Social isolation is as bad for you as smoking 15 cigarettes a day; the British government is taking the problem seriously
By Katrina Caruso
Last summer, Statistics Canada revealed that 28% of Canadians live alone; just a few weeks later, the results of a US study showed that loneliness is as bad for you as smoking and presents a greater health risk than obesity, physical inactivity, or alcohol consumption. The lead researcher in that study said at the time that loneliness should be treated as a serious public health hazard. The UK government seems to be doing just that.
Following a December 2017 report from the Jo Cox Commission on Loneliness, according to which nine million people in the UK “often or always” feel lonely, Prime Minister Theresa May in January appointed a Minister for Loneliness.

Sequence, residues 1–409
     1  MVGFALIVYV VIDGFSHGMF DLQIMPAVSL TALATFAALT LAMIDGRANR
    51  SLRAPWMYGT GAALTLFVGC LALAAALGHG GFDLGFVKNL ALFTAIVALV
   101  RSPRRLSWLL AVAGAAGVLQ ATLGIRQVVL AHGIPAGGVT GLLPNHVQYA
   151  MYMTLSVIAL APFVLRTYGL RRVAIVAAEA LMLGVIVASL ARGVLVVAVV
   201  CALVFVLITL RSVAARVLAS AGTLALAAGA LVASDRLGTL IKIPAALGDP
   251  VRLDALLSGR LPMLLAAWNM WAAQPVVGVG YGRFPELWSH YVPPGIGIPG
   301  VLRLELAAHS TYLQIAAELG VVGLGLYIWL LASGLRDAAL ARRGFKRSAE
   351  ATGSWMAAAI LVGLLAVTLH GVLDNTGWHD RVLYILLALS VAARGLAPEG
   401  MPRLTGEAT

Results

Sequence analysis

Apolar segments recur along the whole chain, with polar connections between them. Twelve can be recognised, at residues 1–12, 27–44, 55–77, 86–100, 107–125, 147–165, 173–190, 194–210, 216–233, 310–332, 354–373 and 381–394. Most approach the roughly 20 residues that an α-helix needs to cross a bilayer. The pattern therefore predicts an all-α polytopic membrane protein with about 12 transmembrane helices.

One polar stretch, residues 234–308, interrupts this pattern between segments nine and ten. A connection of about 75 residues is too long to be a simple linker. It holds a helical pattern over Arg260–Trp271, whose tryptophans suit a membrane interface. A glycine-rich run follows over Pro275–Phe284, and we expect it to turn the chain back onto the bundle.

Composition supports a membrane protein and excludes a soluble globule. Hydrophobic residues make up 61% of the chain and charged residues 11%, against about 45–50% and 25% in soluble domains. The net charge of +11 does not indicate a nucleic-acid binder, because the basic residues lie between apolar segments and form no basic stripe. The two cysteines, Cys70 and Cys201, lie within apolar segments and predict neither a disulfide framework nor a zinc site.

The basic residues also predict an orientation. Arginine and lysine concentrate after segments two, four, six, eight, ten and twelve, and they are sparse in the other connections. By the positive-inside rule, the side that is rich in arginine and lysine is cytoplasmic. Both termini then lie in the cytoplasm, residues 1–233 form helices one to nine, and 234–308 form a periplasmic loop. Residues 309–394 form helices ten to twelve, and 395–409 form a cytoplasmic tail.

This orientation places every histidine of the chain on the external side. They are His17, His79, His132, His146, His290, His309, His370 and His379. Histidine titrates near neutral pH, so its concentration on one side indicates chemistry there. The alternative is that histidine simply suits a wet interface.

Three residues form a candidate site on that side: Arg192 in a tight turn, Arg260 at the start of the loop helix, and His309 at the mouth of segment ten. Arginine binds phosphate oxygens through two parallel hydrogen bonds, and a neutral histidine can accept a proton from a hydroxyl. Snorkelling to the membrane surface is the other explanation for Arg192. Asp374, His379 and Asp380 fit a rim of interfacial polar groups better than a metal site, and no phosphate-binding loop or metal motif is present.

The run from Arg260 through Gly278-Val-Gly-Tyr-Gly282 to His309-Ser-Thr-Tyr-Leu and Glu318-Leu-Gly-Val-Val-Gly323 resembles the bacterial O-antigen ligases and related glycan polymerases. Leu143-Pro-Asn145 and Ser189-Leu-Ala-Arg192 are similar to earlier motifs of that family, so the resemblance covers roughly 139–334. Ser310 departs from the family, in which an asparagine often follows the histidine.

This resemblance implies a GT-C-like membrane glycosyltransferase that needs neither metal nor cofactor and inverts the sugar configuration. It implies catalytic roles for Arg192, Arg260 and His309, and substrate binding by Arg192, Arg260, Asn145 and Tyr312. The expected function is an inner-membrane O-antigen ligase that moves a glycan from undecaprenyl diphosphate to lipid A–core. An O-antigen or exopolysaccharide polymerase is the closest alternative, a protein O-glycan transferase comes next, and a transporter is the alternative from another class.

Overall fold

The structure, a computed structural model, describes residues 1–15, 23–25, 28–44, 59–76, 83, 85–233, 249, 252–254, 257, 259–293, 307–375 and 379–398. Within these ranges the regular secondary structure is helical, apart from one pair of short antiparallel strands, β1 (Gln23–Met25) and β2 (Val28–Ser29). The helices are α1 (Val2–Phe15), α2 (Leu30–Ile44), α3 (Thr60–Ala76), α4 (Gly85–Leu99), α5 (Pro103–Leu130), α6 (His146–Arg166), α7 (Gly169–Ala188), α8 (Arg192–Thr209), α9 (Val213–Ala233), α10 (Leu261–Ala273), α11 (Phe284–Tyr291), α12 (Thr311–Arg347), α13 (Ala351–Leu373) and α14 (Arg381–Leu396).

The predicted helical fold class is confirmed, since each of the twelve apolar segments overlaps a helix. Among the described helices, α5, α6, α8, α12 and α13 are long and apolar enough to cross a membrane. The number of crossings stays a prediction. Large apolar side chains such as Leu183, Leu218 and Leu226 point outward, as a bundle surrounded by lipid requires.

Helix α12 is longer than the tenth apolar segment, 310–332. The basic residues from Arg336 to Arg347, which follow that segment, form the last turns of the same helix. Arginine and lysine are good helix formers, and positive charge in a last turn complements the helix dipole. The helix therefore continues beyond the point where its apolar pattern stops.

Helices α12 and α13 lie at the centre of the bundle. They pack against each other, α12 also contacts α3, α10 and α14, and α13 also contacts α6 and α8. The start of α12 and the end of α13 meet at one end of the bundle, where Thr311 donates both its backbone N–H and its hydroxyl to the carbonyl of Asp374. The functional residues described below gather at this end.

Social isolation often plagues the elderly, particularly widows and widowers—the UK government’s own research found that roughly 200,000 older people in the country hadn’t spoken with a friend or family member in over a month. However, anyone can fall prey to loneliness. If left to fester, loneliness can lead to many other problems. According to former US Surgeon General Dr. Vivek Murthy, loneliness can create a risk for mental health issues such as depression and anxiety, as well as dementia and cardiovascular disease.
The Red Cross was one of the funders of the commission’s report. The commission was named for Helen Joanne Cox, the UK Labour Party MP who was killed by a right-wing extremist in 2016. Cox had been a prominent figure in discussions on loneliness and had established the non-partisan commission to explore the problem. The new Minister for Loneliness will carry on her work. At the same time, the country’s Office for National Statistics will be implementing new measures to further study the scope of the problem.